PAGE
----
In Māori mythology, Tu, a fierce warrior, a son of Ranginui, Sky Father, and Papatūānuku, Earth Mother personifies the origins of warfare. In the best-known version of the myth, of all gods, only Tu is brave enough to stand up to his brother, the god of winds, Tāwhirimātea, who regularly attacks the earth. In anger Tu retaliates against his other brothers, Tāne, Tangaroa, Rongo, Haumia who did not assist him in his stand against Tāwhirimātea.
Tu’s reaction sets the pattern for future warfare. Men make war now because Tu did so in the beginning. The war chant performed by warriors going into battle was believed to have composed and performed for the first time by Tu.
The tattoo design is contemporary Māori and is purely decorative. It has no significance in a traditional sense. For many years I used a section of an old recovered kauri wood log as a chopping block. When the time came to replace the block I split it in half. To my surprise the grain looked interesting and I decided to create a work using it. Despite its extremely resinous nature creating finishing difficulties, the chopping block, instead of becoming ash became “Tu Matuenga,” Māori God of War.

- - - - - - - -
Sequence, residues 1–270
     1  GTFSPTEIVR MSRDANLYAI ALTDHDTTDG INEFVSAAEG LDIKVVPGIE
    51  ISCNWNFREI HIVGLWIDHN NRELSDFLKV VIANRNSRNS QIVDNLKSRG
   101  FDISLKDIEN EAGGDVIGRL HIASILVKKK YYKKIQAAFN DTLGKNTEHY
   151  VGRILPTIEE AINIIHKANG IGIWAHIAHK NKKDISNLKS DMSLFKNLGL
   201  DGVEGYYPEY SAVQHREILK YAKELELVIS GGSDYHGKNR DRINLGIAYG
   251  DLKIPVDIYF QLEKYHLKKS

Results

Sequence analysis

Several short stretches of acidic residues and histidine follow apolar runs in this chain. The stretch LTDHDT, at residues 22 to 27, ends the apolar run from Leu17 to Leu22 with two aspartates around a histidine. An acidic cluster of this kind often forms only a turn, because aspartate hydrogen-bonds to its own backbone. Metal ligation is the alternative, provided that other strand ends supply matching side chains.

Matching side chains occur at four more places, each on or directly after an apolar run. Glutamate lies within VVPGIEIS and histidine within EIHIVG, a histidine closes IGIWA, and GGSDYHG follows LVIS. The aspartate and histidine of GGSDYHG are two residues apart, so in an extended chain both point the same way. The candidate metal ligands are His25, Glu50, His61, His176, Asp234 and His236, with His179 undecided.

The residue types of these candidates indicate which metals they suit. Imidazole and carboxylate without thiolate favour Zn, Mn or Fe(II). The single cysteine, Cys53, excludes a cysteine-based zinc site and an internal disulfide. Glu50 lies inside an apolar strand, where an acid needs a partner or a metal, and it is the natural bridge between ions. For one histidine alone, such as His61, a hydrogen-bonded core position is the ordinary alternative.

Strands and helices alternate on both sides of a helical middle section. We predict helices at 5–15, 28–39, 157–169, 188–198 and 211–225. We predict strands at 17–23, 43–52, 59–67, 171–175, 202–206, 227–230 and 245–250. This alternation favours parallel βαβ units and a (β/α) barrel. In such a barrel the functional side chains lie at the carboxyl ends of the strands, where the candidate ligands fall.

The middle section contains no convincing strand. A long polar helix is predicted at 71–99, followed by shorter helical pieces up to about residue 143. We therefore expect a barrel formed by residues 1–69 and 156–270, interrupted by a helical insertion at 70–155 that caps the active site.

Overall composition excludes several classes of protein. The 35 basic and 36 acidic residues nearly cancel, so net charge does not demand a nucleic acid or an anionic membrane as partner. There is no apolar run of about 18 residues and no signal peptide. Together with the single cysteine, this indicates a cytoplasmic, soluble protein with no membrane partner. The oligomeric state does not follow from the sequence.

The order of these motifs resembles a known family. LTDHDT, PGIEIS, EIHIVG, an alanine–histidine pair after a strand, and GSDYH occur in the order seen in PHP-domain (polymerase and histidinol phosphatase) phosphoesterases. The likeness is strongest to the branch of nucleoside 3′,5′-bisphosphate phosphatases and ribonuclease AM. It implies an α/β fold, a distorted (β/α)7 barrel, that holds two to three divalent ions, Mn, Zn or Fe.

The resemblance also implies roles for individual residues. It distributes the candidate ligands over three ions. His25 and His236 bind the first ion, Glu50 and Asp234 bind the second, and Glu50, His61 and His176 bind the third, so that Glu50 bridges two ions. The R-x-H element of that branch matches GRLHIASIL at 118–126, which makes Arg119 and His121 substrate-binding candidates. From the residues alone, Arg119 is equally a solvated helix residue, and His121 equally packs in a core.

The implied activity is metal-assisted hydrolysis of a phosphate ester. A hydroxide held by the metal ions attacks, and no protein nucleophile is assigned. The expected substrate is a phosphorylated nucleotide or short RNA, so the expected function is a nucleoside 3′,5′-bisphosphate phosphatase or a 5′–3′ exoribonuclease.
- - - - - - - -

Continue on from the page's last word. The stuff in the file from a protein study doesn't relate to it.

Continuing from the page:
Te Rarawa, Ngāti Paoa, Te Ātiawa
Rex Homan was born 1940 in Thames, New Zealand of Māori, Irish and Scottish ancestry. He lived in Auckland in his early years before moving to the Bay of Plenty. Rex has earned international recognition as a wood sculptor in the 1960s and 1970s and began working in bronze in the 1980s. His current work is influenced by the culture of the Pacific and displays uniqueness in its diversity of form and dramatic flow of lines. Rex has exhibited in solo, group and jury shows. He has won several national awards for “National Wood Skills” and is represented in corporate and private collections worldwide.
© 2020 Spirit Wrestler Gallery. All Rights Reserved.